Floating power plants are taking shape all over the world, allowing innovations for mobile power generation. Companies such as Siemens, Karpower in Turkey, and ROSATOM in Russia have already launched or are launching floating powerplants. The concept involves generating power offshore (on a ship or a platform) and later transmitting in onshore to an already existing grid.
Karpower, the first company to build the first floating power ship in 2010, has so far installed capacity of 4,100MW of power. Additionally, it has so far completed 25 power ships already generating power all over the world. The vessel can generate 36 to 470MW depending on the need of the site of utilization. Karpower ships are designed to generate electricity through fuel or LNG gas and use the supplies to power the vessel. Countries such as The Gambia, Ghana, Mozambique, and Indonesia are currently working with Karpower to generate and supply electricity.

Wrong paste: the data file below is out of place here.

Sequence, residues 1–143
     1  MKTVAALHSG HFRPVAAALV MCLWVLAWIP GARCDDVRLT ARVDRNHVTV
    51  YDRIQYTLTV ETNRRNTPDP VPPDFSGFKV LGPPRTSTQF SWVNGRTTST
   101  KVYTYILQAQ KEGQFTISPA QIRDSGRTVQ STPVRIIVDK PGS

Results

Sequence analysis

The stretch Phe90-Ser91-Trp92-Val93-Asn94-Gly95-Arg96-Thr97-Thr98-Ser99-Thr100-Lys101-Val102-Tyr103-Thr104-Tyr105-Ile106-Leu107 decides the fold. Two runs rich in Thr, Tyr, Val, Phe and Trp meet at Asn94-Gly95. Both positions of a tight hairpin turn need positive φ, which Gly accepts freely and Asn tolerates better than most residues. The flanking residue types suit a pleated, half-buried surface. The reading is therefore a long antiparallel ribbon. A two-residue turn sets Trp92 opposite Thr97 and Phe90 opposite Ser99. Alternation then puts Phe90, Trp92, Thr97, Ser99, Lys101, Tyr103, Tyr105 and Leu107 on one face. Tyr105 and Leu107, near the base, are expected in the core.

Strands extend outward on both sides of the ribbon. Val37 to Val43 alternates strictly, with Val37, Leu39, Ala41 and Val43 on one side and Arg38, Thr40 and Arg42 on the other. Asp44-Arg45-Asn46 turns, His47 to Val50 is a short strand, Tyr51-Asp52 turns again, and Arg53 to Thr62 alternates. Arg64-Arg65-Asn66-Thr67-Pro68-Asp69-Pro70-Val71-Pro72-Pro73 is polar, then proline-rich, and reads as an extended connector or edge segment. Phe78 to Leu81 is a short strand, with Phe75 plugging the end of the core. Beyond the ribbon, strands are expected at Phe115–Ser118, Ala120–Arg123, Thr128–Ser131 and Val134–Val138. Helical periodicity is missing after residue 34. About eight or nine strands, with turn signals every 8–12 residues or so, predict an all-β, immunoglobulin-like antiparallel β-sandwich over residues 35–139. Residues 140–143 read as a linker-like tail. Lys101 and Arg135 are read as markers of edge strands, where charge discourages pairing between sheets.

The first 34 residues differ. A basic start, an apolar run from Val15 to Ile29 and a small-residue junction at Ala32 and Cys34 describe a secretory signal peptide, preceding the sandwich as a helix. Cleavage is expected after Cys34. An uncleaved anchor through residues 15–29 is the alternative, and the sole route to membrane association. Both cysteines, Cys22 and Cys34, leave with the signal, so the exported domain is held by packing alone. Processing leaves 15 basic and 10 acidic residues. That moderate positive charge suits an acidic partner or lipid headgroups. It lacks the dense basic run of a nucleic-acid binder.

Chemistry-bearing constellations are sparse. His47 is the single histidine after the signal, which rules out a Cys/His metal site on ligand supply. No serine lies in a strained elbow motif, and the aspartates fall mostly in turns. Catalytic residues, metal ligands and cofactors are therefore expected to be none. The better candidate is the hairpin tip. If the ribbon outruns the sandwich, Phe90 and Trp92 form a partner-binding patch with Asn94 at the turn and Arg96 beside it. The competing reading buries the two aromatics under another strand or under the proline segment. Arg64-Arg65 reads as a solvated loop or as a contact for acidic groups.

Just last week, Russia flagged off the world’s first floating Nuclear power plant. The NPP assembled and built by ROSATOM electric division Rosenenergoatom. This addition makes it Russia’s 11th Nuclear powerplant generating 70MW to the Northeast region of Russia. The project did not come without opposition from Environment movements who contradicted the launching of the NPP citing risks in case there is distress on the vessel.
Siemens is working on a floating power plant scheduled for commissioning in the Dominican Republic in 2021.
In conclusion, floating power plants have brought a new perception of a rethinking to power generation and supply to many developing countries. Especially countries with areas that are inaccessible and near water seas and oceans and will need many resources in setting up structures on the ground and grin networking for power supply. Besides, it skips hurdles involved getting land to set up the powerplant.